Used equipment that has scope for canopy downsizing is perfect for those that have just passed their AFF course. You can do a couple of hundred jumps, downsize the canopy a few times and then sell the rig to someone else with less depreciation in its value.
New equipment can take several weeks to arrive if it’s a stock item or up to 20 weeks if it’s custom made. Second-hand rigs can be purchased instantly.
This is another expensive aspect of skydiving.
The initial AFF course teaches you the basics of skydiving. Once licensed, you can safely and legally throw yourself out of a plane in the UK.
However, you’ll start your skydiving career as a solo skydiver and you won’t be able to:
- jump with other people unless they’re a coach or instructor
- fly in a wingsuit
- do tracking jumps
- do night time jumps
- jump from a helicopter
- do canopy piloting or skysurfing
Whatever you want to achieve in skydiving, it will involve training courses and practice jumps with coaches and instructors.
The most popular qualification after the AFF course is formation skydiving (FS) – this allows you to jump with others, initially in a group of up to four people.
Unfortunately, this is also one of the most expensive courses as you’ll need to do between 5-10 practice jumps with a qualified coach and also a few jumps with up to three other people. You’ll need to pay the cost of their jumps and fees for the coach.
How much you’ll pay depends on how quickly you pick up the skills required to fall safely in a group.
Spending some time in a wind tunnel can help you progress quicker but at additional cost.
Expect to pay anything from £300 – £600 to achieve your FS1 qualification (exc wind tunnel costs)
Tracking, wingsuiting and other courses and qualifications usually come later in your career.
Per Jump Cost
The average cost of a skydive ticket in the UK is around £20 (exc equipment hire).
If you complete 150 jumps, that will set you back around £3000.
Most people take up skydiving after doing a tandem, which is a safe way to jump out of a plane. Tandems cost around £220, excluding camera or video footage.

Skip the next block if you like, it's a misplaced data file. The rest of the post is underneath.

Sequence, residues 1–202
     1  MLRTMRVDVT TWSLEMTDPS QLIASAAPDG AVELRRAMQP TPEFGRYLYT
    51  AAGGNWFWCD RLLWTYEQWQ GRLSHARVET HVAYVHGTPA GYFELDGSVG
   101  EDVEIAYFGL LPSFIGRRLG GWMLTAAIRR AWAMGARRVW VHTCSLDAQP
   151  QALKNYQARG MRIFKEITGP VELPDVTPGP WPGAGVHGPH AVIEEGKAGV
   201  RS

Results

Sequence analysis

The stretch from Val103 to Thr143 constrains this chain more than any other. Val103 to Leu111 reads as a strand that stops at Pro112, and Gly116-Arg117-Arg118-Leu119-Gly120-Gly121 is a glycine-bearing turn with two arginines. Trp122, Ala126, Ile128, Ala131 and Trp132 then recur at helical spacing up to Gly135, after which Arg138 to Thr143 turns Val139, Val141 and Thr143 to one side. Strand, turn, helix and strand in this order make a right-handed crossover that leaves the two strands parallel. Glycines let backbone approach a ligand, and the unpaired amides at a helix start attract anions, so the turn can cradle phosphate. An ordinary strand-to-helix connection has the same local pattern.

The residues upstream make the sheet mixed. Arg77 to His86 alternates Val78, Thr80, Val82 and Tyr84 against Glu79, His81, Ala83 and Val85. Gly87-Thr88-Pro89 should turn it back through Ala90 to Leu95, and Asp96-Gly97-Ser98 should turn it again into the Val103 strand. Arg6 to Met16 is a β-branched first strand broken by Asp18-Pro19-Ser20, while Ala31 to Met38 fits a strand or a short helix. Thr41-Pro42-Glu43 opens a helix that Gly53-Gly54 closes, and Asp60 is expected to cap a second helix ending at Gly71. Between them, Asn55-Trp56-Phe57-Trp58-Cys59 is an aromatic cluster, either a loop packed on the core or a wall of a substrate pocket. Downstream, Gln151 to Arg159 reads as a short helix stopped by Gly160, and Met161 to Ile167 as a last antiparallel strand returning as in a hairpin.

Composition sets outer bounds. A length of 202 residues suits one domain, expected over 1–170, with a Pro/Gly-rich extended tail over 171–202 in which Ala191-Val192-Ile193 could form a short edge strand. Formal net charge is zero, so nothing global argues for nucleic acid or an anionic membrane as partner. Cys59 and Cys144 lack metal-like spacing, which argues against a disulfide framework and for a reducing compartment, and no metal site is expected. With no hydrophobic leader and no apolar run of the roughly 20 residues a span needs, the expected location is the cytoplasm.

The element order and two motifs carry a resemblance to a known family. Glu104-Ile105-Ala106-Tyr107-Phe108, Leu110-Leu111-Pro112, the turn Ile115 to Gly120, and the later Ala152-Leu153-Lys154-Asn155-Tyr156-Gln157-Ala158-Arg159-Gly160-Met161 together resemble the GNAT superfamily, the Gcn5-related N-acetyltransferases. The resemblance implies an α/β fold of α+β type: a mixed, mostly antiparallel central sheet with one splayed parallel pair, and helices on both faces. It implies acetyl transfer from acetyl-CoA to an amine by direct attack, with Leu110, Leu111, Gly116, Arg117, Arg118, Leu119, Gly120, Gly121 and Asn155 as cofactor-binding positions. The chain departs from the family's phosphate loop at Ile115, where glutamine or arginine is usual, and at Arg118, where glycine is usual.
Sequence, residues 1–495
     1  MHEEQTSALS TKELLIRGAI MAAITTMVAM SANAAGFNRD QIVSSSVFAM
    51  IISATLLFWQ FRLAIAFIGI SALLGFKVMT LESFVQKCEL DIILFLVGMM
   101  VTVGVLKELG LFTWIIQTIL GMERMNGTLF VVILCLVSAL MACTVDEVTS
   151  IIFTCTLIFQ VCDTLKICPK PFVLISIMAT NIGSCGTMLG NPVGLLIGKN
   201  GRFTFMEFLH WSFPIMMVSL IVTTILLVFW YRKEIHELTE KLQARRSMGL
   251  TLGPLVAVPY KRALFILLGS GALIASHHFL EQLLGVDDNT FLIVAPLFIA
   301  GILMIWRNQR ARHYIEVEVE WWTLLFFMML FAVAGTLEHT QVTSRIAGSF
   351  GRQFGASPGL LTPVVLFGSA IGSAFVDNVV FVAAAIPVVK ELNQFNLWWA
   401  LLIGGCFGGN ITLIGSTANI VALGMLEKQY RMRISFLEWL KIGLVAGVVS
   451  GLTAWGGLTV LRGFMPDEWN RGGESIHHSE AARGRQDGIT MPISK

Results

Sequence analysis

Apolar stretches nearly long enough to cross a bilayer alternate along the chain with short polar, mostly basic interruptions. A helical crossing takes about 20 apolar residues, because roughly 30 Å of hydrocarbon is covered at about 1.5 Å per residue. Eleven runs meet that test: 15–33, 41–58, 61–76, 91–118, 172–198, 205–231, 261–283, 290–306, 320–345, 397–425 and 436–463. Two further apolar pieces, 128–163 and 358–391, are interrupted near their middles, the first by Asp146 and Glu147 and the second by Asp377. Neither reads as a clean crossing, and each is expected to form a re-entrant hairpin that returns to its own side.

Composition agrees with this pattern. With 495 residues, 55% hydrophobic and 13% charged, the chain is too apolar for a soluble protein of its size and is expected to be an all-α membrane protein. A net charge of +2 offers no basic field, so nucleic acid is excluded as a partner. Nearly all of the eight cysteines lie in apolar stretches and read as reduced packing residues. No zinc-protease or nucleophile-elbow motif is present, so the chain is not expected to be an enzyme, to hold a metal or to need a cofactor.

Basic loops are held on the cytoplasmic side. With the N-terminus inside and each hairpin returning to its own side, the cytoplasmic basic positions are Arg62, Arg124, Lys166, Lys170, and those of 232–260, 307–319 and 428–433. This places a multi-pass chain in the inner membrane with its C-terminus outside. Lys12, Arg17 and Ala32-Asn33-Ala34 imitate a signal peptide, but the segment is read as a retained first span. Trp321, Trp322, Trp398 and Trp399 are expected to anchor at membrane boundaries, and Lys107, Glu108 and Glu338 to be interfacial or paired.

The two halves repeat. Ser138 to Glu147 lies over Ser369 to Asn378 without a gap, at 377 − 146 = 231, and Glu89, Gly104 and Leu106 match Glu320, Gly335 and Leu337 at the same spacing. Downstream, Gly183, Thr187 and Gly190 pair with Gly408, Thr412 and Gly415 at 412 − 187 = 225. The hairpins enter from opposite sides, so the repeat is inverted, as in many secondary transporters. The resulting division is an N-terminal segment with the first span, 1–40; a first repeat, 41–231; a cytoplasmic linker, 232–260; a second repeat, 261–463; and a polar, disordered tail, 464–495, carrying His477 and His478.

Wind tunnel costs should not be underestimated, you can easily spend hundreds and even thousands of pounds practising manoeuvres in a wind tunnel.
Skydivers often arrange trips abroad as a group so factor in flights, hotels and other related costs.
As you progress through your career, you’ll want to periodically downsize your gear from large, safe parachutes that students and newbies use to smaller sporty ones that are more responsive and fun.
Tracking suits, wingsuits and jumpsuits can easily cost you several thousands of pounds.
Camera equipment such as GoPros, attachments, cutaway systems, memory cards and batteries will cost hundreds of pounds.
Reserve parachute inspection and repacking should be done by a qualified rigger. Expect to pay around £150 for this, excluding the cost of any repairs.
Cost to Get Qualified and Complete Your First 150 Skydive Jumps
Here’s a breakdown of the costs you can expect to incur for your first 150 skydive jumps:
|AFF course, failed jumps + 10 consolidation jumps (first 20 jumps)||£2100|
|FS1 course and qualification (15 jumps)||£450|
|Next 115 jumps||£2300|
|Complete rig (new)||£6500|
|Jumpsuit (new, custom)||£350|
|Helmet, altimeter, goggles, gloves, knife (new)||£500|
|Tunnel time for AFF and FS1 course||£250|
|Licence, qualification stamps and club membership fees for one year||£200|
As you can see, skydiving is an expensive sport with high startup costs but much of the equipment holds its value well and can be sold on to recoup some of your money at a later date if needed.
You can save a considerable amount of cash by purchasing second-hand equipment – just make sure your rig has the scope for canopy downsizing.
Hired equipment is only suitable for students and the occasional skydiver. If you want to progress in this sport, you’ll need your own kit.
Wind tunnels are extremely expensive at around £600 per hour but once you’re qualified as a skydiver and have your FS1 (formation skydiving) qualification you can share the tunnel with up to 3 other people. Splitting the cost 4 ways makes the tunnel an attractive option for practising.